Introduction Human cytomegalovirus CMV is a ubiquitous beta-herpesvirus transmitted by direct person-to-person contact and causing mostly asymptomatic or mild mononucleosis-like infections in immunocompetent subjects [ 1 ].

Incidence of Transfusion-Transmitted CMV Infections After the universal introduction of leukodepletion for red blood cell and platelet concentrates, there is an ongoing controversy as to whether TT-CMV still exists in at-risk patients.

Open in a separate window. Identification of At-Risk Donors Despite early assumptions that donations from only a small subgroup of donors can cause TT-CMV [ 23 , 24 , 25 ], traditionally all seropositive donors have been regarded as potentially infectious for at-risk patients [ 26 ].

Several transfusion strategies have been proposed to reduce the risk of TT-CMV in addition to leukoreduction: i provision of seronegative blood products [ 7 ]; ii provision of CMV DNA-negative blood products NAT-negative products [ 32 ]; and iii provision of blood products from long-term seropositive donors [ 33 ].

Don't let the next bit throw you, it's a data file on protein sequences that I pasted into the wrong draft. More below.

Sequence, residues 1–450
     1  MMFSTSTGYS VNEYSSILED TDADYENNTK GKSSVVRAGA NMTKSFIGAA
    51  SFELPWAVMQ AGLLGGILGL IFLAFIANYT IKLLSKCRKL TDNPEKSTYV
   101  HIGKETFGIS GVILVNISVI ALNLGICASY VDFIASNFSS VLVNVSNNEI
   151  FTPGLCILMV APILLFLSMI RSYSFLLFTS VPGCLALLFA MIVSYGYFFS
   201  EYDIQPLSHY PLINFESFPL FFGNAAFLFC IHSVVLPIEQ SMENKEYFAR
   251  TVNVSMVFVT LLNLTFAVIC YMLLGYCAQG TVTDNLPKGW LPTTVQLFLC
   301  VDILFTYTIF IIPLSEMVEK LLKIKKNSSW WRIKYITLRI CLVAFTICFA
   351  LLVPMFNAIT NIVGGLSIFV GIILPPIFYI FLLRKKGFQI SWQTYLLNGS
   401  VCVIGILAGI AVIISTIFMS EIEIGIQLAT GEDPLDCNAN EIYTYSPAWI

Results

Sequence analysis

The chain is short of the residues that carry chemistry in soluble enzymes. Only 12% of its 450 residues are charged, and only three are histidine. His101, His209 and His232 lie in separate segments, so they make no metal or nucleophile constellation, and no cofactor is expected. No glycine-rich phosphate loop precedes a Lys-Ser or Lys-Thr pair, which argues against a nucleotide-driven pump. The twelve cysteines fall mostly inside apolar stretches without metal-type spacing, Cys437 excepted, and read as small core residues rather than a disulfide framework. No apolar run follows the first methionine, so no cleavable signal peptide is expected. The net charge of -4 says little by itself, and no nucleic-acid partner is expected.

Disclosure Statement None of the authors declares a conflict of interest. References 1. Klemola E, Kaariainen L.

Cytomegalovirus as a possible cause of a disease resembling infectious mononucleosis. Br Med J. Continuous cytomegalovirus seroconversion in a large group of healthy blood donors.

Vox Sang. The natural course of primary cytomegalovirus infection in blood donors. Rise of cytomegalovirus antibodies in an infectious-mononucleosis-like syndrome after transfusion.

Transfusion transmission of cytomegalovirus confirmed by restriction endonuclease analysis. J Pediatr.

Primary cytomegalovirus infection following open heart surgery. Acta Med Scand. Prevention of transfusion-acquired cytomegalovirus infections in newborn infants.